Faithlife
Faithlife

Luke 8,26-39

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TITLE:   Saved to Save!

SCRIPTURE:    Luke 8:26-39
 
SERMON:    

Let’s start with a little trivia this morning, What day of the year are the most phone calls made???…… Mothers day. It seems that on mothers day everyone wants to call home.

What do you thinks happens on fathers day? Any one want to make a Guess? The most collect Calls.

Personally I believe that is ok. Dad’s like to be needed. They like to be called on for wisdom and help.

Mom’s job is to fix clothes, meals, a Wounded Body. Dads job is to fix broken stuff and defend the family, especially daughters.

I read something this week entitled 50 Reasons Why It’s Good To Be a Man. I won’t read all of them but I did put together a top-10 list:

10 You know stuff about tanks.
9 You can go to the bathroom without a support group.
8 If someone forgets to invite you to something he can still be your friend.
7 You can drop by to see a friend without bringing a little gift.
6 If another guy shows up at the same party in the same outfit, you might become lifelong buddies.
5 One wallet, one pair of shoes, one color, all seasons.
4 There is always a game on somewhere.
3 Your pals can be trusted never to trap you with, “So…notice anything different?”
2 If something mechanical doesn’t work, you can bash it with a hammer and throw it across the room.
1 You can do your nails with a pocketknife.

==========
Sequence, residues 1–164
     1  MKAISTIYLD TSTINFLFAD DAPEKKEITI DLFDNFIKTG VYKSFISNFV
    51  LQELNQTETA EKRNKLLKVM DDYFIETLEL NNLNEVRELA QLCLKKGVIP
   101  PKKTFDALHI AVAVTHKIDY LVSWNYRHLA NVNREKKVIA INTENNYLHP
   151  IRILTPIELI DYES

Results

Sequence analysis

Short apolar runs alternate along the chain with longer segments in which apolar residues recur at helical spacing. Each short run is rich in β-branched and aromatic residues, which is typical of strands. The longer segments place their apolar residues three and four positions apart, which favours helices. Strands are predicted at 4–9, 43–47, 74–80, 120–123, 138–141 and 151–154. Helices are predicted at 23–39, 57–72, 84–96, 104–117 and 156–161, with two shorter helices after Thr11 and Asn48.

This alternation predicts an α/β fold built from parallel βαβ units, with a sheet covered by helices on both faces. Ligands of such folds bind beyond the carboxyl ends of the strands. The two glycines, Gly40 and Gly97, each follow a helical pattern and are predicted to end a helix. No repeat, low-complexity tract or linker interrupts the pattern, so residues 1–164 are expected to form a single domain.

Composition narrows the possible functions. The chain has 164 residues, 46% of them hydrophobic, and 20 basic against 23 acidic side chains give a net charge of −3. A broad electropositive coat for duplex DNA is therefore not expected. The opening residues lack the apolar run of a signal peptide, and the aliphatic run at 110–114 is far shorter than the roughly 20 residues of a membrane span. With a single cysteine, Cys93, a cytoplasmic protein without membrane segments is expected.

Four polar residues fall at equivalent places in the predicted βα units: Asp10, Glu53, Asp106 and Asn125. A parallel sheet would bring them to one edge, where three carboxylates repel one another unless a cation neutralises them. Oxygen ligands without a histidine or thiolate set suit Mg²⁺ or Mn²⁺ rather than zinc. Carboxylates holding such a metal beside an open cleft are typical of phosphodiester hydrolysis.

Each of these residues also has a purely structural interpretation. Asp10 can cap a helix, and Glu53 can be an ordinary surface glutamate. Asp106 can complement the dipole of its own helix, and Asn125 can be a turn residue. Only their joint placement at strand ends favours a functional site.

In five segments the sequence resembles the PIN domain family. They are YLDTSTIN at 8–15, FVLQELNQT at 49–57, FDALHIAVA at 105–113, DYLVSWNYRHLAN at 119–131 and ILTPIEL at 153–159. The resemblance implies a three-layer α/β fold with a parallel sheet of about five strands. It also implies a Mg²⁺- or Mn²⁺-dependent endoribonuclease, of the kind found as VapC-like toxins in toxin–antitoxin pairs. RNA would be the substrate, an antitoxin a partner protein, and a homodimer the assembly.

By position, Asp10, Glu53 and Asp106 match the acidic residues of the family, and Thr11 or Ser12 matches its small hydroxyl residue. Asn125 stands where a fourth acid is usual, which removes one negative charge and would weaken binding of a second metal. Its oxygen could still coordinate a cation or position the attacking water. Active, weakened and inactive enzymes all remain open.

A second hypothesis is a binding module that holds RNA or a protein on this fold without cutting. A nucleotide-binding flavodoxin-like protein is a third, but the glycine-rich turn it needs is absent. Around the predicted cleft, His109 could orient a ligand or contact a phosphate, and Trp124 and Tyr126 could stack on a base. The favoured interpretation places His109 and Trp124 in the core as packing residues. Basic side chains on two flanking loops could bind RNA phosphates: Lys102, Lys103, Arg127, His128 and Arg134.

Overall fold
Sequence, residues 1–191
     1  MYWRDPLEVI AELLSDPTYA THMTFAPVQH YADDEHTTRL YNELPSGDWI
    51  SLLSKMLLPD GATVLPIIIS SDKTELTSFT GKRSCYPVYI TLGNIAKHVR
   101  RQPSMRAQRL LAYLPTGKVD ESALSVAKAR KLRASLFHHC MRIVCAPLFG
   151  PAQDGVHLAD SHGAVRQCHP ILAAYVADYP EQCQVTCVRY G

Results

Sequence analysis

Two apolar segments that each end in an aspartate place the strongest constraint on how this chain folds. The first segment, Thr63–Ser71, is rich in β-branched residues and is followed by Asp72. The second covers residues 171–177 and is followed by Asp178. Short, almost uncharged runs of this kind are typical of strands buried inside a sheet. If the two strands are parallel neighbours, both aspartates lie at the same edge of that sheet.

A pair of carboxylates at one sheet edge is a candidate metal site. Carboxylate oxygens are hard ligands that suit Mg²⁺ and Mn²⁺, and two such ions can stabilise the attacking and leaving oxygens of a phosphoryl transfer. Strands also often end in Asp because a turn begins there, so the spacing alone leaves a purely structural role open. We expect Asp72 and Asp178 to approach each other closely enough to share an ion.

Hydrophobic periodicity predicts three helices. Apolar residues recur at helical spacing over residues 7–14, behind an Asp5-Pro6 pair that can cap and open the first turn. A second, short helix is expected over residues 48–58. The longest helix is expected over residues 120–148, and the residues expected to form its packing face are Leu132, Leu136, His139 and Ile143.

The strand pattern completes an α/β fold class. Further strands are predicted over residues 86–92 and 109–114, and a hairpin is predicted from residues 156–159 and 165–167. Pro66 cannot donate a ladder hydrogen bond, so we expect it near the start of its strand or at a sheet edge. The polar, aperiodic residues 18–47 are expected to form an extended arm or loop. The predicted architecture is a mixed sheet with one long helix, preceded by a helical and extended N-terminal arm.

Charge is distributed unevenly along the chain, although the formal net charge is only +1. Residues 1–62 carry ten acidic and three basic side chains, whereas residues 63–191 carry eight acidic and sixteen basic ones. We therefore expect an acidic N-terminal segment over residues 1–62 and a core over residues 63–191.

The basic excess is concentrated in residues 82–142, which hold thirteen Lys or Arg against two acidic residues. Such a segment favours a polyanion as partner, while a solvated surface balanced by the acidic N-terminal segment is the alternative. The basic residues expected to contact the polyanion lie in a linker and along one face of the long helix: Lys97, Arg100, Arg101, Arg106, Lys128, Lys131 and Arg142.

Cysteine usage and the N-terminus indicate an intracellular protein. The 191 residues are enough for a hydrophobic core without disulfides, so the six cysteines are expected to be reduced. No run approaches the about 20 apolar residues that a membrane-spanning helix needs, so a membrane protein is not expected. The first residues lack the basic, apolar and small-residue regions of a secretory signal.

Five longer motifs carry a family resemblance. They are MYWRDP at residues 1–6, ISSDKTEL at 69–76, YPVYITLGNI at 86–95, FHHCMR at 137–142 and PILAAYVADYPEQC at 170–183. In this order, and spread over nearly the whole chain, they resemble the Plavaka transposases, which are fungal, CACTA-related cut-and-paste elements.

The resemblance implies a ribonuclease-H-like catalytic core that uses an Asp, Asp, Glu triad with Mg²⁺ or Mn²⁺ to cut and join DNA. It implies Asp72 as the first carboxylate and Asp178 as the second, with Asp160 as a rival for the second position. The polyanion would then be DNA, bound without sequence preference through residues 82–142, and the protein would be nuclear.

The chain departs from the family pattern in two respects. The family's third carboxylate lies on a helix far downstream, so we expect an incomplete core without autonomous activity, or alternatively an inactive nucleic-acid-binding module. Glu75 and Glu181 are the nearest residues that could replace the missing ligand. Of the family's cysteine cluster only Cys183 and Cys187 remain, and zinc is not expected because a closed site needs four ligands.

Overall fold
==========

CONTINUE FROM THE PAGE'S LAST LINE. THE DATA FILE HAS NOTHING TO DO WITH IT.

Dad’s are different, Dad’s just seen to be like some of the tools in the garage that are just sitting there until you need them.

Sometimes we treat Jesus as if He were one of those tools just sitting there until we need Him. Dads are different and Jesus is different. He doesn’t wait for the need to come to Him, He goes to the need.


In our Gospel lesson today, Jesus comes into Gentile territory for the only time in Luke's Gospel -- and encounters a man possessed by demons -- lots of demons.  The man runs around naked and lives all alone in a cemetery.  

His hometown people have tried to bring his wildness under control by binding him with chains, but he broke the chains.  Finally, they wrote him off as impossibly crazy, and walked a wide berth around his cemetery home.

If Jesus had asked their advice, the neighbors would have told him that the man was dangerous.  "Stay away," they would have said.  But Jesus didn't ask their advice.  Just as a good cop moves toward trouble and a good firefighter enters a burning building, Jesus went where the need was.  Lots of people needed Jesus, but nobody needed him more than this man -- this poor, naked, lonely, wild demon possessed man.  So Jesus walked into the cemetery and made his way through the tombs until he found himself face to face with the demons that were tormenting this man.

When Jesus asked their name, they replied, "Legion."  A legion was six thousand soldiers -- representing overwhelming power -- power that nobody could resist.  At that very moment, Roman legions occupied Israel -- their presence a foot on Jewish necks -- a knife at Jewish throats.  A Roman soldier, tired of carrying his pack, could compel any passerby to carry it a mile.  Roman tax collectors took the people's money and sent it to Rome to be spent on foolish entertainments.